Fans, foes greet Christie in Conn. visit

Gov. Christie (right) with Tom Foley, a candidate for governor in Connecticut, and Mary Ann Springall.
Gov. Christie (right) with Tom Foley, a candidate for governor in Connecticut, and Mary Ann Springall. (AP)
Posted: July 22, 2014

GREENWICH, Conn. - Gov. Christie was greeted by fans as he breezed through a diner with a Republican gubernatorial candidate Monday night in this wealthy suburb of New York City, where he pledged to devote the resources of the Republican Governors Association to unseating Democratic Gov. Dannel Malloy this fall.

But the New Jersey governor also faced a question from one critic in the diner about his recent veto of a bill that would have reduced the state's gun magazine capacity limit. And awaiting Christie en route to a fund-raiser in a private community were more than 150 gun-control supporters - some from Newtown, the site of the 2012 Sandy Hook Elementary School shootings - who came to protest the veto.

Some held signs that read, "Not trivial," in response to Christie's veto message that called the proposed reduction of the gun magazine capacity limit from 15 rounds to 10 a "trivial approach" that would not reduce mass violence.

Of the Newtown families, Christie said it was "certainly their prerogative" to disagree with him and to express their views.

While "I have nothing but sympathy for those folks . . . I don't believe that the bill that was passed in New Jersey was an effective way to deal with it," Christie told reporters in the Glory Days Diner, where he campaigned with Republican candidate Tom Foley in his role as chairman of the RGA.

A Greenwich businessman who was named ambassador to Ireland by President George W. Bush, Foley ran for governor in 2010 and lost to Malloy by just 6,400 votes. Christie endorsed Foley in 2010.

In August, Foley will compete in a contested Republican primary with state Senate Minority Leader John McKinney. He has led McKinney by a wide margin in recent polls.

Christie said it was "a hard decision to make" to involve the RGA in a contested primary, a step he also took while visiting New Hampshire in June.

Christie said that Foley earned his confidence four years ago, and noted that party delegates endorsed Foley during a state convention this year.

Jodi Latina, a spokeswoman for McKinney, declined to comment Monday on Christie's appearance with Foley.

Foley has been polling neck-and-neck with Malloy, a vocal opponent of Christie's. The two have criticized each other publicly. On Monday, Christie said, "I know Gov. Malloy's thrilled I'm here today."

Christie said the RGA was committed to winning the governorship in Connecticut, which has a largely Democratic electorate.

"I know, as a guy who won twice in a blue state, these are winnable races," Christie said.

Asked whether he would campaign for New York Republican Rob Astorino against Democratic Gov. Andrew Cuomo - who has a big lead in polls - Christie said the RGA does not "invest in lost causes."

In endorsing Foley, Christie aligned himself with a Republican candidate seen as a Second Amendment supporter, said Gary Rose, a political science professor at Sacred Heart University in Fairfield. McKinney voted for the gun-control bill the Connecticut legislature passed last year.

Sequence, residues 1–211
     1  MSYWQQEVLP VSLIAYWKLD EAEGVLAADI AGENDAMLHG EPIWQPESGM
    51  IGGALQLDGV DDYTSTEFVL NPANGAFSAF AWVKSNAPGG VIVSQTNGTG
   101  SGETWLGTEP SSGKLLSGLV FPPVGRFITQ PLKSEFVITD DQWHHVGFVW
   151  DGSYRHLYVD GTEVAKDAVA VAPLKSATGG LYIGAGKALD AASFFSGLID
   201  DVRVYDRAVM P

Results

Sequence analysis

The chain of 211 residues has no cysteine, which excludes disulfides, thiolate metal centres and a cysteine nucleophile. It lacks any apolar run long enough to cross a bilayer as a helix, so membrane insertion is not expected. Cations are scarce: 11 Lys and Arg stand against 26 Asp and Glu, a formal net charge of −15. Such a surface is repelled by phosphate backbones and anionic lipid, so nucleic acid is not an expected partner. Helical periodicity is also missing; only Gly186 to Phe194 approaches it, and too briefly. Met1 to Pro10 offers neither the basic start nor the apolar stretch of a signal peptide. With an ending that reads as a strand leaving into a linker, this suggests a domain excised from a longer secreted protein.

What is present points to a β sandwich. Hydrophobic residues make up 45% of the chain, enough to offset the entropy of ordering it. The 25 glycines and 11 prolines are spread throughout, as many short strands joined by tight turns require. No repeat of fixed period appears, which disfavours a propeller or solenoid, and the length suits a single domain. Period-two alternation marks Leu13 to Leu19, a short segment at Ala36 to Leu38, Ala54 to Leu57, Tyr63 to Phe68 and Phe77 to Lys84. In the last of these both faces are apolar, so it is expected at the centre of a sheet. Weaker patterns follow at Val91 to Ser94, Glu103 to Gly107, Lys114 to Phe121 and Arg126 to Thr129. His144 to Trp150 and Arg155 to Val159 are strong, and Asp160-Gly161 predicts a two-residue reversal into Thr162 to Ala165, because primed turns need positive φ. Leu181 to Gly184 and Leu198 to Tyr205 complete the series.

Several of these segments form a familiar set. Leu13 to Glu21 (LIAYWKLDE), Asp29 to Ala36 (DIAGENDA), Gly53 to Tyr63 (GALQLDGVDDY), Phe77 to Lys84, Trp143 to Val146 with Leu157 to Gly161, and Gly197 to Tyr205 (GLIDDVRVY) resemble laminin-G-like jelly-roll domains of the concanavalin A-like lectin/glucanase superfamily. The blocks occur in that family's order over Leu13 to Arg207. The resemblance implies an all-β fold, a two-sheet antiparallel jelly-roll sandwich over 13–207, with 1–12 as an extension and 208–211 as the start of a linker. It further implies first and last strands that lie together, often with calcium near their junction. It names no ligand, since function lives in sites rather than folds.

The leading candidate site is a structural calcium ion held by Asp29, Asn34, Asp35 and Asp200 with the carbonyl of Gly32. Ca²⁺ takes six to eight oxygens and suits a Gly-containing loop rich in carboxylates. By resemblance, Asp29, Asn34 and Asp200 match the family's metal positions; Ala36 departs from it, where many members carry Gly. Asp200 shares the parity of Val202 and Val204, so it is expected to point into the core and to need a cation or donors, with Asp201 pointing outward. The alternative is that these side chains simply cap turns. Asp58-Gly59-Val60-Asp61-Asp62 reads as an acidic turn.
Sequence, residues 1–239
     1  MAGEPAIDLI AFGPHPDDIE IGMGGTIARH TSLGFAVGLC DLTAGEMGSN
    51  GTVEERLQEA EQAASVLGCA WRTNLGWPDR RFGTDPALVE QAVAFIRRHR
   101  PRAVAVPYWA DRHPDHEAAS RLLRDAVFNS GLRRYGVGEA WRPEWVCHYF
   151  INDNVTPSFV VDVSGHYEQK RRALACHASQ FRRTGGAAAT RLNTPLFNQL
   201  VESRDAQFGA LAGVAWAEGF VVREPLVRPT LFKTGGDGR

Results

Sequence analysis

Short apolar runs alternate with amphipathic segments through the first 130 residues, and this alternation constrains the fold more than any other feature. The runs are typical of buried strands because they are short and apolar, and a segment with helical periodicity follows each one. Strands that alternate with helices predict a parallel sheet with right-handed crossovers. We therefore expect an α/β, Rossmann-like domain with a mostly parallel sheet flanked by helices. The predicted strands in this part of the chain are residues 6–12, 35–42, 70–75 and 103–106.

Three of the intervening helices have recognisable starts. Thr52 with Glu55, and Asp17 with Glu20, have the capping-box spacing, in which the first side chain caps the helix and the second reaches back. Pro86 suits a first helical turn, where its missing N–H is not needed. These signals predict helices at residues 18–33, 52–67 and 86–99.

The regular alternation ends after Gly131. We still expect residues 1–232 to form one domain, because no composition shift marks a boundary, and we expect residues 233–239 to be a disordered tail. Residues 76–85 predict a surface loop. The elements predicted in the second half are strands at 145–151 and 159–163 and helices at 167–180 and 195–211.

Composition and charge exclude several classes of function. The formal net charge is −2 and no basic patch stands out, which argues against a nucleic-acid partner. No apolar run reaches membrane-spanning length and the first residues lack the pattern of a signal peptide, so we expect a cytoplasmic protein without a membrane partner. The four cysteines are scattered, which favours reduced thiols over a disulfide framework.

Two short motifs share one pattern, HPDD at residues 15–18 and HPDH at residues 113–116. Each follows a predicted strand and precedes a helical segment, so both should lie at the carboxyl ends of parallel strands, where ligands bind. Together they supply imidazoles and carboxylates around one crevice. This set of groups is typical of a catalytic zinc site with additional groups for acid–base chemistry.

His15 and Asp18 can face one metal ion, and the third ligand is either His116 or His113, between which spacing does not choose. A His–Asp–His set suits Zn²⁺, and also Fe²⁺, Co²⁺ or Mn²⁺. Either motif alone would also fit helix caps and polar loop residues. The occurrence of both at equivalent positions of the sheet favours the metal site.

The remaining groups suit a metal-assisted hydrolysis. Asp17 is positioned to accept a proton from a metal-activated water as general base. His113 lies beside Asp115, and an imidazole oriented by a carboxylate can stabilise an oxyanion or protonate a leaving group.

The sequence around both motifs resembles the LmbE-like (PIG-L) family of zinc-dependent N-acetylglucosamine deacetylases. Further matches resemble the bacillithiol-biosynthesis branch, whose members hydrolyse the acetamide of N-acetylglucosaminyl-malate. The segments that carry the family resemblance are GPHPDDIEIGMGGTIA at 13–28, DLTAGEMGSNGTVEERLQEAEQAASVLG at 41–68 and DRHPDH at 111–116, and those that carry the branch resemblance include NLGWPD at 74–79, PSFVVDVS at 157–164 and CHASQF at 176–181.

Foley would not tell reporters Monday whether he supported Christie's magazine capacity veto, saying he was focused on economic issues.

It also does not hurt Christie - who was also in Greenwich to raise money for the RGA - to meet wealthy donors, Rose said.

"It is true that presidential candidates head straight to Fairfield County," one of the wealthiest counties in the country, Rose said.

Before addressing reporters in the diner, Christie spent about 15 minutes shaking hands, posing for photos, and planting a kiss on one woman's cheek.

As he left, Louise Bavis stood watching, a smile on her face. "I like him," said Bavis, a retired secretary and member of the Greenwich Republican Committee. "He seems like he likes people a lot."

Less impressed was Richard Boritz, who asked Christie in the diner about his veto of the magazine capacity bill.

"He gave me the pat answer, which is, it's a mental-health issue," said Boritz, a retired school librarian who moved from Newtown to a nearby town two months ago. "It's more than a mental-health issue."

Animosity toward Christie's gun-measure veto was on full display en route to his next stop, a private fund-raiser for the RGA. About 150 protesters from Connecticut and New Jersey lined a residential street.

"Gov. Christie ought to know this is going to be an issue in presidential primaries as well," said Beth Boyer, 48, of Greenwich, who was holding a sign that read, "Republicans for Gun Control."

Across the street were about a dozen counterprotesters, including Bill Magyari, 44, of Stamford, who brought a sign that read, "Thank you Chris Christie for rational thinking."

Magyari said he would "possibly" vote for Christie in 2016, but said he would have ruled the New Jersey governor out if the gun magazine bill had become law. "He's kept me on the hook because of the veto," Magyari said.


mhanna@phillynews.com

609-989-8990 @maddiehanna

www.inquirer.com/

christiechronicles

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